Intelligence with Attitude

Colorado Engineering’s Advanced Radar Architecture Improves Defense Programs

Colorado Engineering Inc. (CEI) has experienced many successes since its inception in 2003, including its heavy involvement in the Department of Defense’s (DoD) Small Business Innovation Research (SBIR) program. The SBIR program is highly competitive and encourages domestic small businesses to engage in Federal Research/Research and Development (R/R&D) that has the potential for commercialization.  The program also enables small businesses to explore their technological potential and provides the incentive to profit from its commercialization. CEI was recognized for its outstanding SBIR efforts in 2011 with the Tibbetts Award. This prestigious acclaim recognizes companies, organizations, and individuals that exemplify the very best in SBIR achievements.

Colorado Engineering’s SBIR successes have led to expanded opportunity for the company as well as increased effectiveness and cost efficiency for defense programs. “We have made the SBIR program a cornerstone of our business development,” said Colorado Engineering CEO Nancy Scally. “Before participating in the SBIR program, we had started with just two people. Today, thanks to projects like Radar Advanced Receiver/Exciter (RARE) and our many SBIR successes, we’ve expanded our staff and have seen revenues grow year after year.”

Under the SBIR program, CEI developed a ground-breaking, computing architecture that enabled the creation of a sense-and-avoid (SAA) radar design capable of fitting on an unmanned aerial vehicle (UAV ). This technology breakthrough became a solution for a variety of military and commercial radar applications, and the backbone for an extensive CEI product line. Learn more about CEI’s involvement in the SBIR program.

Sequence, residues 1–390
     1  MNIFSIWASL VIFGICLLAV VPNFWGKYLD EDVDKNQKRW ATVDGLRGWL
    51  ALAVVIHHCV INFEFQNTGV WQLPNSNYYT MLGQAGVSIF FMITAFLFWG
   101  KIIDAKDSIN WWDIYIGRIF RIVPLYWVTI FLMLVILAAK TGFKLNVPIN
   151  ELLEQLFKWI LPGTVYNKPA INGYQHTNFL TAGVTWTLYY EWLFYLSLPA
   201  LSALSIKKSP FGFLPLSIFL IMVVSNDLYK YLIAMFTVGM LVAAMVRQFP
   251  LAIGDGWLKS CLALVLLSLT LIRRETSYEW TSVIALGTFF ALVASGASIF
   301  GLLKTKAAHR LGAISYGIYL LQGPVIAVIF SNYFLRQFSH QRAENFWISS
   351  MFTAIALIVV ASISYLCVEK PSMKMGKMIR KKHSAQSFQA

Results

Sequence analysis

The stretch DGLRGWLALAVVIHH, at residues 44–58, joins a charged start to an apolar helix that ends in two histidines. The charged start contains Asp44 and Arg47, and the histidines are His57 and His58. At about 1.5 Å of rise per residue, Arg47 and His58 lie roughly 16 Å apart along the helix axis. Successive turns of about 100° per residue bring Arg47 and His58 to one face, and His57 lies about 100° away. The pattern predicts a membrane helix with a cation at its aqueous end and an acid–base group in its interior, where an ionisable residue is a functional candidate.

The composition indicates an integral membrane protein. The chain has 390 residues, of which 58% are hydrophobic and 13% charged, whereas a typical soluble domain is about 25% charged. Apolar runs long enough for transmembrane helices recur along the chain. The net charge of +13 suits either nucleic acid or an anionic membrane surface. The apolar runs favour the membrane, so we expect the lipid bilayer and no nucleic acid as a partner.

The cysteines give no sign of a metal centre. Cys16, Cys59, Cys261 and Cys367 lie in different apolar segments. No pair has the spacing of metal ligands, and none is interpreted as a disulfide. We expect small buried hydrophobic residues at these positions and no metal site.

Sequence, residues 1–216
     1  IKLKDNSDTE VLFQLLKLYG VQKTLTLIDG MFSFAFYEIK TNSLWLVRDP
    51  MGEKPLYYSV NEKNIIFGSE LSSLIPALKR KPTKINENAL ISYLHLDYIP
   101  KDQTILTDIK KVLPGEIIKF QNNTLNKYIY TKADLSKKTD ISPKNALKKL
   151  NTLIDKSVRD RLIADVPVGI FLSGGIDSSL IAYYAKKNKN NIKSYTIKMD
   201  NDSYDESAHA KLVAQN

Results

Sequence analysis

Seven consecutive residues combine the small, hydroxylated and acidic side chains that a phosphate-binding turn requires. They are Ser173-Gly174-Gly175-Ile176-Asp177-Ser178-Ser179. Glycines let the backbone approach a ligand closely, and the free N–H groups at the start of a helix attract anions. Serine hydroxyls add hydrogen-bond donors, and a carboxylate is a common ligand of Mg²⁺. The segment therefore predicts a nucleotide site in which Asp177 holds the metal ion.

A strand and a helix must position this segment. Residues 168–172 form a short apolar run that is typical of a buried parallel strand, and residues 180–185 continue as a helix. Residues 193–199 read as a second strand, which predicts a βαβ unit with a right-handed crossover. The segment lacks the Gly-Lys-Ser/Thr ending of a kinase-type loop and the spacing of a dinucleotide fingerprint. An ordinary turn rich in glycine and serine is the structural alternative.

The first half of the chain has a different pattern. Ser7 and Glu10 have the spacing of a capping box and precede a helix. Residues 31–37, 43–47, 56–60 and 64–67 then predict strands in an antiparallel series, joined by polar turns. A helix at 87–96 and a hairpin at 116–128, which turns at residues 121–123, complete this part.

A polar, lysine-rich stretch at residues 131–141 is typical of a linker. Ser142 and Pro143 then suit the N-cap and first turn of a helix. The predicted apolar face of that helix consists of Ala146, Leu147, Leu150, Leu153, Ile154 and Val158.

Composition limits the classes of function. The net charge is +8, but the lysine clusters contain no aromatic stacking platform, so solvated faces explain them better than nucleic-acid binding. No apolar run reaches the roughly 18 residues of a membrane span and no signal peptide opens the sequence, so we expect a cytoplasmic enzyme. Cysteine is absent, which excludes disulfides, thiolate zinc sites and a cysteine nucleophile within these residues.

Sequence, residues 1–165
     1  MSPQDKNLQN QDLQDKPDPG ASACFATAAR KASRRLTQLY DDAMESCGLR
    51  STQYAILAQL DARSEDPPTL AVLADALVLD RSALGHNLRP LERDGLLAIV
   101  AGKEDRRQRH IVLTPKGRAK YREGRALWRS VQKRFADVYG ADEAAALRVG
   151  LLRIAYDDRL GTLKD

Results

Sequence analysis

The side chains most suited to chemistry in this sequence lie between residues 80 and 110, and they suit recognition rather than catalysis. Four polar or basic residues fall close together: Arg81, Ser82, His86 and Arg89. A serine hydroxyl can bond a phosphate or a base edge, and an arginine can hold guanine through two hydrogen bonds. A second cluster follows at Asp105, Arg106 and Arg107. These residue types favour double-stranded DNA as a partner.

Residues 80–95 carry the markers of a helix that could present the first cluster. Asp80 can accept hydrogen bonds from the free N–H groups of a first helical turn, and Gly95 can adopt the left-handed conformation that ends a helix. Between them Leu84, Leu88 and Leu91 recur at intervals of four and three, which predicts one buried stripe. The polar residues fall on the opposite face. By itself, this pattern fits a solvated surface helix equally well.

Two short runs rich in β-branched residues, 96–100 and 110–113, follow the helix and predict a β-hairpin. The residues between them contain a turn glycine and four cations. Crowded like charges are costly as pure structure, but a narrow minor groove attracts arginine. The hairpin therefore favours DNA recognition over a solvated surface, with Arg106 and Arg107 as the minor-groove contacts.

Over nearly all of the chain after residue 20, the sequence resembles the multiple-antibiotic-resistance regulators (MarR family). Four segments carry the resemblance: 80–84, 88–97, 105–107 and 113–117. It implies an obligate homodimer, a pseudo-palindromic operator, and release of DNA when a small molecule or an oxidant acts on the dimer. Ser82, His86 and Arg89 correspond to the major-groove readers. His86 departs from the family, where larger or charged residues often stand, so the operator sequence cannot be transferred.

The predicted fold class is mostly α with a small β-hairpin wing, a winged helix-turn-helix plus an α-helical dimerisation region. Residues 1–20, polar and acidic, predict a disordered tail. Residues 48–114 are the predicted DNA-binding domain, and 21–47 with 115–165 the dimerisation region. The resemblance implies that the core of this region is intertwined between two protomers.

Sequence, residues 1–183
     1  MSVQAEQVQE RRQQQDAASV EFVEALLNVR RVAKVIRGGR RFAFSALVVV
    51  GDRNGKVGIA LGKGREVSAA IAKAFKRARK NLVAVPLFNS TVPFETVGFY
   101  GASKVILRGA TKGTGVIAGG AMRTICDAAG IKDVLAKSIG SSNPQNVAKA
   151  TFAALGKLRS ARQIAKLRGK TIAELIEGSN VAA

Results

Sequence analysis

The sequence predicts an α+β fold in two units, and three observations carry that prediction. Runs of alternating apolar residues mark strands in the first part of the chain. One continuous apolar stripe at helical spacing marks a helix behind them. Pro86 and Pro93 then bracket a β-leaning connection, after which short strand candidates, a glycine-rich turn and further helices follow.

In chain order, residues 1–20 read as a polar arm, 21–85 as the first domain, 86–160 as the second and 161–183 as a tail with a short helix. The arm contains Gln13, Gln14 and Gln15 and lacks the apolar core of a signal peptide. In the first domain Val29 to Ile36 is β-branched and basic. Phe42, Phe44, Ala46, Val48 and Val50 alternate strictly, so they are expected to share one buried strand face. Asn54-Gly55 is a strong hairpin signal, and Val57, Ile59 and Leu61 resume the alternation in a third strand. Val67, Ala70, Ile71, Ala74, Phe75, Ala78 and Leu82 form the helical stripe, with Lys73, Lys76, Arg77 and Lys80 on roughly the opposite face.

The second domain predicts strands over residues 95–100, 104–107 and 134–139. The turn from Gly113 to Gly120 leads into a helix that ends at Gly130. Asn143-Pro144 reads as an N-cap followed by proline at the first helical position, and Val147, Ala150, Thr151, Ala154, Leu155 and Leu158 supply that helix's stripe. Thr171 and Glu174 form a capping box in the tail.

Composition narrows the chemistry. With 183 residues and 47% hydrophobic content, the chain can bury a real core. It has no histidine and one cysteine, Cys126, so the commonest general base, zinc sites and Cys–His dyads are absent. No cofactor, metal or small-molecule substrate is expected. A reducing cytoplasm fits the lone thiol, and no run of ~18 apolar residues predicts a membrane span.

RARE architecture provides a modular hardware solution that can be more precisely scaled by stacking or tiling together individual computing sub-components and arranging them like building blocks without the need for a back plane. Sub-component combinations can be customized to meet specific computing requirements. Additionally, the design allows for the overall end-state functionality to be defined (and changed) through software changes in the architecture. This flexibility meets the needs for data processing speed as well as size, weight, and power constraints in radar system designs for UAVs.

Development of the RARE architecture first started under a 2006 SBIR contract from the Missile Defense Agency (MDA) seeking more affordable and flexible systems for ground-based radar for ballistic missile defense. CEI completed development of the foundational technology under a 2010 U.S. Air Force SBIR contract focused on development of an on board SAA sensor suite, including an air-to-air radar. The technology has since been explored for a variety of military and civilian applications.The U. S. Air Force and U. S. Navy have both pursued the RARE architecture as the core technology for an all-weather autonomous radar SAA capability to the U.S. Air Force Global Hawk and U.S. Navy Triton long-range surveillance UAVs. There is also interest in the technology from the U.S. Customs and Border Protection under the Department of Homeland Security.

MDA is a research, development, and acquisition agency within the Department of Defense. Its workforce includes government civilians, military service members, and contractor personnel in multiple locations across the United States. It is focused on retaining and recruiting a dedicated workforce interested in supporting U.S. national security.

CEI is a small, woman-owned business headquartered in Colorado Springs. It is one of the world’s foremost leading radio frequency (RF) and high-performance computing (HPC) solutions providers offering bleeding-edge technology solutions for the commercial, industrial, automotive, and military industries. CEI supplies off-the-shelf solutions for hardware and software as well as custom-tailored solutions for any application. CEI offers quick turn, innovative solutions, allowing for lower costs, and high-quality designs.